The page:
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Friday, May 17, 2019 - 10:01am

Meet the Artist: Jan de Beers

Having immigrated to Canada in 1997, Jan de Beer has been living in British Columbia for over two decades. His artwork has been featured in several galleries across the province, including a feature exhibition at the Doris Crowston Gallery in late 2017. More recently, Jan has been creating paintings using recycled materials, including paint. Most of this work is very large – up to 8 x 4 feet.

Jan de Beer's new show of works, Tides opens May 21 at Science World.

How did you come to start using recycled materials in your artwork?

It was around 2015 that I became aware that paints dropped off at the recycle depot were available for use. My wife who is a potter needed some plinths painted and I accessed white paint from my local recycle depot and discovered that there was an abundance of different materials and stains available.

What do you find enjoyable or impactful about using these materials?

The abundance of available material and the cost effectiveness of getting it from the recycle depot make it easy pickings and a real joy for any artist who wants to produce large scale works. My paintings have incredible visual impact and are beautiful and engaging in their own right. However, for me the real impact with regards to the materials I used lies in the conceptual relevance of the project as a whole. Turning waste into art reflects on a wasteful society and raises questions around our sustainability as human beings on this planet.

How do the works of artists like Marcel Duchamp influence your work?

Conceptual art prizes ideas over the formal or visual components of art works. Marcel Duchamp’s display of a urinal as art in 1917 is seen by many as a turning point in 20th century art and traces the origins of conceptual art to this moment. I created Tides specifically to pay homage to Duchamp on the 100th anniversary of this event.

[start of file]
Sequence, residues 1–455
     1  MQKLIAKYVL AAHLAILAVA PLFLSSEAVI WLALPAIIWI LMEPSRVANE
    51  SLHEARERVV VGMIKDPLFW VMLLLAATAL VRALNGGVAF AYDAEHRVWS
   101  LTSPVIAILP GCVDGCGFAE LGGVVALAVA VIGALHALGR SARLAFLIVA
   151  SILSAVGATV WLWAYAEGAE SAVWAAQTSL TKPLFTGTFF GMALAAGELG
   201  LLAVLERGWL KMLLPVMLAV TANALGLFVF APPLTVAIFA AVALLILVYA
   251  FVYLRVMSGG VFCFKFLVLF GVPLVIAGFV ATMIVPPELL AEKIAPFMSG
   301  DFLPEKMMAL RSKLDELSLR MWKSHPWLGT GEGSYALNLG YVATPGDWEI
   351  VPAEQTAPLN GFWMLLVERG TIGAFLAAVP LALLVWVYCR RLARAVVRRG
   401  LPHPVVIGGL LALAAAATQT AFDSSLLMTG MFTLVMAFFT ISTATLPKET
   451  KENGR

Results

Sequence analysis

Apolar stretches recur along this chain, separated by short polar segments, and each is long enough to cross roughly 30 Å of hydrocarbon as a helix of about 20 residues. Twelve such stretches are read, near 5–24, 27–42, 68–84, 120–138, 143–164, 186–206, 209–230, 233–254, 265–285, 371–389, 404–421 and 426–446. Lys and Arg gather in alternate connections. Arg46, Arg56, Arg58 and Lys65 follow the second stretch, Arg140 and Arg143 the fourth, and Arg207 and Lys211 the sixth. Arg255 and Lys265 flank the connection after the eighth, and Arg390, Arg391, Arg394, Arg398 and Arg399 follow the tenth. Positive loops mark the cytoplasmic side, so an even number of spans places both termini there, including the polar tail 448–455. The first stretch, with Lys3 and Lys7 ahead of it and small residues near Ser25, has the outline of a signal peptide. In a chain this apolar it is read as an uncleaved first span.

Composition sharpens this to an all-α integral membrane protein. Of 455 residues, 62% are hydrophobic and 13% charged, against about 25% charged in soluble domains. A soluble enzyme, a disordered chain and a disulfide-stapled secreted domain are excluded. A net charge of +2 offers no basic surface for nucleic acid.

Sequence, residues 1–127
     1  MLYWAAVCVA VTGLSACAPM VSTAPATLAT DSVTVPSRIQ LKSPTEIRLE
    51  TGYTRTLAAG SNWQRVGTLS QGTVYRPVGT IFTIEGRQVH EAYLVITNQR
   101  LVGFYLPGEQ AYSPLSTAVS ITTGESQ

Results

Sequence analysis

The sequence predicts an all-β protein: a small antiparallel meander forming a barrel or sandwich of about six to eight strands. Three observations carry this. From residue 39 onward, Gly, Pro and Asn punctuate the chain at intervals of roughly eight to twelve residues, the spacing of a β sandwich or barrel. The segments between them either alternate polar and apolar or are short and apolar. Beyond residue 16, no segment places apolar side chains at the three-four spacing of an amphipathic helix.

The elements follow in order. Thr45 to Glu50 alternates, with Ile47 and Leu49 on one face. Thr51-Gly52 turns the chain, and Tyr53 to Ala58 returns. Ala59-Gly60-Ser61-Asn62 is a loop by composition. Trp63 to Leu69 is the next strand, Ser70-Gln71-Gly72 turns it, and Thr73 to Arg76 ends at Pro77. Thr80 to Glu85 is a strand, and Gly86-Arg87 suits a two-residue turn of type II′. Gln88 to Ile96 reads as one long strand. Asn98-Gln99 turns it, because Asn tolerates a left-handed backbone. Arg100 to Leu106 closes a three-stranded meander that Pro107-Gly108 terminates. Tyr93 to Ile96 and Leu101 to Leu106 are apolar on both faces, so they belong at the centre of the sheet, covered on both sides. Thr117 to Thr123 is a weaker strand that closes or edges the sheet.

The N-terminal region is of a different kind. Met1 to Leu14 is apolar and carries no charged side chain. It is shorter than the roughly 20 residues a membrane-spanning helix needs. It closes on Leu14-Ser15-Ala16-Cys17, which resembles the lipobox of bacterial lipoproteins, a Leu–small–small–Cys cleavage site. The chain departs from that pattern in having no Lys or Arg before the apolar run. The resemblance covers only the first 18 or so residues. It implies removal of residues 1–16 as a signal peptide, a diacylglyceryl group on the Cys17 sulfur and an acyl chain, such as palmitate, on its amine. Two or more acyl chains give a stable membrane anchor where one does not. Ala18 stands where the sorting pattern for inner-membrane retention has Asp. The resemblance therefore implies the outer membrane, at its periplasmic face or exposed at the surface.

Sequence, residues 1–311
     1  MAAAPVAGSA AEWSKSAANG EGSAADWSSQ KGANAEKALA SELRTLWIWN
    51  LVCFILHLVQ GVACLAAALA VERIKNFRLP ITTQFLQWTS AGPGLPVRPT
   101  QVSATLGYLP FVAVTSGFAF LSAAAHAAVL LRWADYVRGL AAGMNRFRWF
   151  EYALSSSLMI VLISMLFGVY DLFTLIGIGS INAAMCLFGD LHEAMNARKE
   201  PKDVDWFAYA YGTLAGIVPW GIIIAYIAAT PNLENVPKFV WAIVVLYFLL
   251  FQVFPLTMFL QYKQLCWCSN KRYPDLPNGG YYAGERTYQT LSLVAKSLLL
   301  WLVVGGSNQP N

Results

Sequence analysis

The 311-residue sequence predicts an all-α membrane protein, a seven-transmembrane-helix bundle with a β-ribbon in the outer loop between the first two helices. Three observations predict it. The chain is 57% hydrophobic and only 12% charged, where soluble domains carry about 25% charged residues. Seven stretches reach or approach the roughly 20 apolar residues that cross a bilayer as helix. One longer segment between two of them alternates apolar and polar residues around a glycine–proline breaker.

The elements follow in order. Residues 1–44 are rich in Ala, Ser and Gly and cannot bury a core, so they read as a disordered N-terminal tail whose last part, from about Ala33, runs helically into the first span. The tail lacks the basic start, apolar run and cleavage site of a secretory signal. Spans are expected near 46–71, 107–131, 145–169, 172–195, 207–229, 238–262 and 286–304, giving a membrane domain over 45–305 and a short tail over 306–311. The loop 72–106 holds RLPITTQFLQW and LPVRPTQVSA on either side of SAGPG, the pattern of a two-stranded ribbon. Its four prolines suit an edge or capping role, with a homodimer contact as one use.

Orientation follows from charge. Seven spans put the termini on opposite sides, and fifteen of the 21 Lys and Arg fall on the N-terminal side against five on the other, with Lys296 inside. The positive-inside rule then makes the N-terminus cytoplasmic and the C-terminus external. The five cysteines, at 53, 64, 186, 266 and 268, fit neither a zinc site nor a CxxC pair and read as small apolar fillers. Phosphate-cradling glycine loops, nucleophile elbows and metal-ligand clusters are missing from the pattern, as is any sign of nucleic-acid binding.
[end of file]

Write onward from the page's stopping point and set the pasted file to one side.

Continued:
Can you tell us a little about your process when you begin a painting?

Preparation is critically important as I am basically setting the stage for an act to play out. The creation process is in the tradition of action painting with most of the creative process happening in a fluid state on a very large canvass over a relatively short period of time. The process leads the creation and there is no preconceived idea of what the end result would be.

What would you tell someone interested in learning how to paint in a similar style?

Do not take yourself too seriously and allow yourself to stray outside of the lines. Tackle it as a communal project with a couple of friends or family over a glass of wine and have fun.

In your view, what is the relationship between art and science?

Both science and art are human attempts to understand and describe the world around us. Artists tend to be subjective and emotionally involved with their subject matter whereas scientists are objective and factual. Both scientists and artists are driven by an urge to explore and uncover the unknown. I think it is important that artists and scientists acknowledge each other. I am currently supporting the not for profit Pender Harbour Ocean Discovery Station, a base for ocean research and education on the Sunshine Coast, and will be donating 65% of the proceeds of any sales from the paintings displayed at Science World to this organization.

Where do you hope your art practice will take you in the next few years?

Ideally to a place where when I look back I can have the satisfaction that the work I did had a meaningful and positive impact on the lives of individuals or on society as a whole.

Tides is on display now at Science World, in our Aurizon Atrium. 

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